CHIKA OKEKE examines the major causes of structural defects and writes on the strategies to avert building collapse.
The building and construction industry has been in existence since the advent of human civilisation over 3000 years ago.
Though different building patterns had emerged overtime, it gradually phased out with the advancement and introduction of technologies in the built environment.
This led to a change in the building pattern, from horizontal development to vertical development such as high rise buildings and sky scrappers especially in highly populated areas.
This exposed the sub-sector to series of age-long problems such as land grabbing, delay in obtaining governor’s consent, use of substandard building materials, difficulties in obtaining building approvals and among others.
The problems which increased overtime led to rampant cases of structural defects and eventual collapse of such buildings especially in urban areas.
It however posed serious challenges to engineers especially with the spate of collapse experienced across the country, that had resulted to loss of lives and valuables.
Investigation by LEADERSHIP revealed that over 325 persons had died as a result of building collapse in Nigeria in the last 13 years due to non-compliance of building plans and over-bearing shipment of substandard building materials into Nigeria mostly from China.
Further findings indicated that the engagement of inexperienced and untrained personnel in construction works, use of substandard materials, lack of proper supervision, inspection and monitoring of construction works were the major causes of building collapse.
Others are illegal conversion of building uses, alterations and addition to existing structure without due consultation with the professionals, interference of clients on building works as well as corruption and greed among stakeholders in the built environment.
Worried by the menace, the Nigerian Institution of Civil Engineers (NICE) organised a workshop/training on ‘Building Collapse Prevention Strategies and General Site Safety’.
The workshop which drew participants across the states was intended to increase participation and awareness by strategically positioning engineers and allied professionals to reduce the spate of building collapse.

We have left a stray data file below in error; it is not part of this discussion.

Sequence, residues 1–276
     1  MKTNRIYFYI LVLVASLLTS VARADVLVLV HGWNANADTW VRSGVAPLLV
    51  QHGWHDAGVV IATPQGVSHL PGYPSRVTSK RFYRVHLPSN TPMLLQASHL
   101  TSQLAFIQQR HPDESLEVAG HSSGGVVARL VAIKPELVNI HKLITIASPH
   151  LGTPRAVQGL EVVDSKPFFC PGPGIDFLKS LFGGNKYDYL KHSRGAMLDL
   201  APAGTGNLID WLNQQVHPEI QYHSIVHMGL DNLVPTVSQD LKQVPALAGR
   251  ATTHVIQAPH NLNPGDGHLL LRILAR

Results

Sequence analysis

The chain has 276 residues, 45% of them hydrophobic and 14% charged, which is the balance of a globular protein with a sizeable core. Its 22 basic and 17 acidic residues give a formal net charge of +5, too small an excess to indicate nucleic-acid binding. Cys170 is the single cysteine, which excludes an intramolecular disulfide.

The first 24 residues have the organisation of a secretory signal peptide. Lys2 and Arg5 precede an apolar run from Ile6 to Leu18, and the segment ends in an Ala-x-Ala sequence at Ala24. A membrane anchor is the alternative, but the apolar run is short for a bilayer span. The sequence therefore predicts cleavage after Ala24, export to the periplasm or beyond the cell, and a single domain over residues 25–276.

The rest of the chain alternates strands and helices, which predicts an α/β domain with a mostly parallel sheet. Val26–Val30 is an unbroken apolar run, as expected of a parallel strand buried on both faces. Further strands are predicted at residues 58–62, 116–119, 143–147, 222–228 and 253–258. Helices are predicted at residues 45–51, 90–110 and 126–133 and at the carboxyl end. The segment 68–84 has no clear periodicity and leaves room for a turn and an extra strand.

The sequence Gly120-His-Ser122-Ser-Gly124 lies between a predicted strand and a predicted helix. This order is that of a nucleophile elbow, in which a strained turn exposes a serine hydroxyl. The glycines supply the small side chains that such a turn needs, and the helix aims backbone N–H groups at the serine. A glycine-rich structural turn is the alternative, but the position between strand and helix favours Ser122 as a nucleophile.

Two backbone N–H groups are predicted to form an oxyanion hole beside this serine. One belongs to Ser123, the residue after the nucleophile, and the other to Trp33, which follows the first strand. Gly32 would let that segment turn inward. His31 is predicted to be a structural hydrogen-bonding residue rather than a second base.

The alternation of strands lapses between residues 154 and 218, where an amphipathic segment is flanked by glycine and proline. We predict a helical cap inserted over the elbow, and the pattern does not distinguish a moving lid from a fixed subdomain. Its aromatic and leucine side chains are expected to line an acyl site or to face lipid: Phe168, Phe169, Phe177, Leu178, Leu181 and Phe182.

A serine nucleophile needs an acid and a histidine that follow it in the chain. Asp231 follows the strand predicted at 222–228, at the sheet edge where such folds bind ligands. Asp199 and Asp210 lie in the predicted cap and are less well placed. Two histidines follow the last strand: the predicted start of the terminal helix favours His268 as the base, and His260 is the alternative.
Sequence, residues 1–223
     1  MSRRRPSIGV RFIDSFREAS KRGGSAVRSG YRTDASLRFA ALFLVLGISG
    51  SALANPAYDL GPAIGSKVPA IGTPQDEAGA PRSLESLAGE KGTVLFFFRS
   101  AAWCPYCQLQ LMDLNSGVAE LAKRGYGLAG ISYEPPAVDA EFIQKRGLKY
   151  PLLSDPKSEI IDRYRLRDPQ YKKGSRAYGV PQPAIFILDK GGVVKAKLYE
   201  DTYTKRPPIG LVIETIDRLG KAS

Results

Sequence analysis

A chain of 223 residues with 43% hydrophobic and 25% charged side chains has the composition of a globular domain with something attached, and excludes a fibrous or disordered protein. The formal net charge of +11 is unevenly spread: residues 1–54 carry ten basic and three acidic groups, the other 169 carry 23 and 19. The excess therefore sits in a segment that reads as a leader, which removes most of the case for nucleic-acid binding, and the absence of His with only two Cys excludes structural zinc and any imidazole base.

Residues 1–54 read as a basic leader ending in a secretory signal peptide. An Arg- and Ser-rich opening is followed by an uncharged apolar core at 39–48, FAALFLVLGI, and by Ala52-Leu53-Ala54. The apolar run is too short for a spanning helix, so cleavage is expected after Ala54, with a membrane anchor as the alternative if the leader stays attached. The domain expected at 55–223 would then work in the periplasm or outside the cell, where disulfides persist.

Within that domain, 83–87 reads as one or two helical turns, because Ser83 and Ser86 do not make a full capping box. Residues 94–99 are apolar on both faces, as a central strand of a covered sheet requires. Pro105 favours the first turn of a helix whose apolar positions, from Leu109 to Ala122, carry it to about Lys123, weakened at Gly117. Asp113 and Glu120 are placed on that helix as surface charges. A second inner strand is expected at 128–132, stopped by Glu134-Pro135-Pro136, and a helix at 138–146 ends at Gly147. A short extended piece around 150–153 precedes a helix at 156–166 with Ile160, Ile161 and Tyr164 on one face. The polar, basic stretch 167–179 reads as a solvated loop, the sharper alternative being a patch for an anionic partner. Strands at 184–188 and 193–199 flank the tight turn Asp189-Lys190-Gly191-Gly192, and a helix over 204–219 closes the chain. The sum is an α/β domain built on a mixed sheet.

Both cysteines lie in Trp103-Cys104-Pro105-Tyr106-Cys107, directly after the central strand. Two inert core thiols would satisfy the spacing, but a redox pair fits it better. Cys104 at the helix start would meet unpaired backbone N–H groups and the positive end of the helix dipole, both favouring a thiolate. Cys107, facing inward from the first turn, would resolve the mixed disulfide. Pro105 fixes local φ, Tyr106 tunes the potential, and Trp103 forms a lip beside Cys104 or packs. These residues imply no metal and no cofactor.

The chairman of NICE, Abuja chapter, Engr. Dominic Onuh Akuboh said that the mistakes of a medical doctor could be buried but the mistakes of engineers could lead to massive loss of lives, properties, investments and livelihood.
He disclosed that building collapse prevention is a collective responsibility of all professionals within the built sector even as he pleaded with the regulatory and professional bodies as well as the entire stakeholders in the built environment to collaborate towards phasing-out building collapse in the country.
Akuboh called on engineers to maintain high ethical standards and due diligence while discharging their duties, adding that there is a need to modify the building sites given the earth tremor that occured in Abuja last year.
He emphasised that NICE had drawn the attention of department of development control and the Council for the Regulation of Engineering in Nigeria (COREN) about a partial collapse in Kubwa adding that the association is yet to receive feedback on the issue.
The chairman listed causes of building collapse as improper concreting, heavy downpour, pre-mature removal of form work for roof slab/concrete decking, use of sub-standard materials in building, gas explosion, illegal addition of floors and clients penchant for cheap labour.
Lending his voice, the lead facilitator of the training, Engr. Kanno Ukoabasi regretted that development control department would issue building approval without considering the carrying capacity of such structure.